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Indecision: A Short Story: (Part Three)
Part Three and Conclusion
Akhenaton is making his religious reforms, carrying out building projects, making structural changes to domestic society, and oh yes, moving the capital city to a new location. This is historical. He claimed to have been inspired by the sun-god to move the capital but there seems to have been strategic considerations.
But wait, there's more. The nephew grows into adolescence with all that comes with it and Akhenaton does his best to groom the young man to succeed him, The nephew becomes entangled in a love triangle. Dave spent a good deal of time describing these circumstances. His rival is a young man who had been his best friend, playmate, and confidant from a boy. Isn't that always the way it is?
The rivalry culminates in a horrific scene of violence. The nephew of the pharaoh is accidentally pushed off a cliff. The pharaoh is alerted and he, and his bodyguard, and the court physician race to the scene. Remarkably, the young man did not die. He is comatose, of course.
Now the pharaoh means to find out exactly what happened and who is to blame for this tragedy and have them tortured to death. Akhenaton finds out about his nephew's rival and has him captured and held in the palace dungeon.
Later that night, after he finally managed to get to sleep, with the ministrations of the court physician, the pharaoh has a prophetic dream. The sun-god himself, the Aten tells the ruler not to despair and that things are not as dire as they seem. Then, a space ship lands somewhere to be discovered by a farmer. Akhenaton and his palace bodyguard, are alerted to the occurrence, and go out and investigate. They all view the space ship with wonder and awe. The pharaoh interprets the vessel as something sent for his benefit by the sun-god, the Aten.
And indeed, the arrival of this vessel and its dead inhabitants certainly appears to be serendipitous. We have to skip a good deal more of the plot to tell you, dear reader, directly that the inhabitants of the vessel were travelers, though Akhenaton thinks of them as direct emissaries from the sun-god. Why would the sun-god send dead emissaries or allow harm to come to them? Well, Akhenaton, severely weakened emotionally and intellectually, by the state of his beloved adopted son and heir, brushes that inconvenient thought aside. He believes that the message is more important than the life of the messenger.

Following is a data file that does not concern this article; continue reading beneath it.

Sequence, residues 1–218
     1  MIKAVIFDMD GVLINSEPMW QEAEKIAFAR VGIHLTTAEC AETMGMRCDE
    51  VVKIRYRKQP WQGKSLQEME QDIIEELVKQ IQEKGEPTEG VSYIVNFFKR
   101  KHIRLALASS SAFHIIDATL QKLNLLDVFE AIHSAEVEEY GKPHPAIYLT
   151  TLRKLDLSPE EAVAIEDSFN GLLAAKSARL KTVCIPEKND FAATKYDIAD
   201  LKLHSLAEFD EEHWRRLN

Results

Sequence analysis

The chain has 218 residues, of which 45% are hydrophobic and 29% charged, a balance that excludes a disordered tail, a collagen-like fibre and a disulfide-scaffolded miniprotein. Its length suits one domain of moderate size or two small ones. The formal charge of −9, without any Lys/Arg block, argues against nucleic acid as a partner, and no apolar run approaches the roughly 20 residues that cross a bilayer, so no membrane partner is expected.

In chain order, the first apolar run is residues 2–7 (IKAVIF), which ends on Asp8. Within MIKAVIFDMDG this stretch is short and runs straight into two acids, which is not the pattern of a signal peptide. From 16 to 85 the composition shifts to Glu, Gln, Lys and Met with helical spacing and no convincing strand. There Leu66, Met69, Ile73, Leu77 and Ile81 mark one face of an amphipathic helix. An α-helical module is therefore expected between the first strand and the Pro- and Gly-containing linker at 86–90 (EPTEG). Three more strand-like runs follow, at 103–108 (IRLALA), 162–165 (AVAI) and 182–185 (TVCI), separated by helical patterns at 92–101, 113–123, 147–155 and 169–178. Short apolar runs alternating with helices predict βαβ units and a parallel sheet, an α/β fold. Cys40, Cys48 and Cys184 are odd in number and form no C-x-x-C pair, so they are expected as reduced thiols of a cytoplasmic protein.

The farmer is killed so that he cannot repeat what he has seen. Now, the capital's best minds are put to work to translate the strange symbols contained within the vessel. They learn the astonishing fact that the bodies of the dead messengers were indeed artificial, that is, not the bodies they had been born into. How can this be?
It turns out that they animated them with a transplantation of the brain. So their organic brains had been transplanted into far more durable bodies, since their organic bodies would have been insufficient to endure the rigors of space travel over so long a distance. This is significant because the ancient Egyptians had always regarded the heart as the seat of consciousness.
The burial process was meant to preserve the body so that the deceased (especially the pharaohs and other wealthy and politically prominent people) could enjoy the use of it in the afterlife. The brain was regarded by morticians of the day as little more than a little toe. They went up through the nasal cavity and pulled the brain out with a hook.
Take a breath. Still with us so far? Good. That is the first secret of the sun-god that Akhenaton learns. He plans to put it to use immediately. Remember his adopted son's romantic rival, who had been involved in the incident that left the crowned prince an immobile mute? Akhenaton's chief imperial surgeon performed an operation on both young men, the crown prince and his rival. To switch the brains. Thereby liberating the consciousness of the crowned prince into a strong, healthy body. And justly, Akhenaton believes, imprisoning the wicked consciousness of the rival in the broken, lifeless body of the prince. No sweeter revenge for the young man who'd dared defy the imperial prerogative.
But that's not all. There is a second secret the ruler of Egypt learns from the strange vessel. He learns the secret power of what we might call optics. This gave him the technology to build a huge magnifying glass raised to the sky and transform the very sunlight into an unstoppable weapon.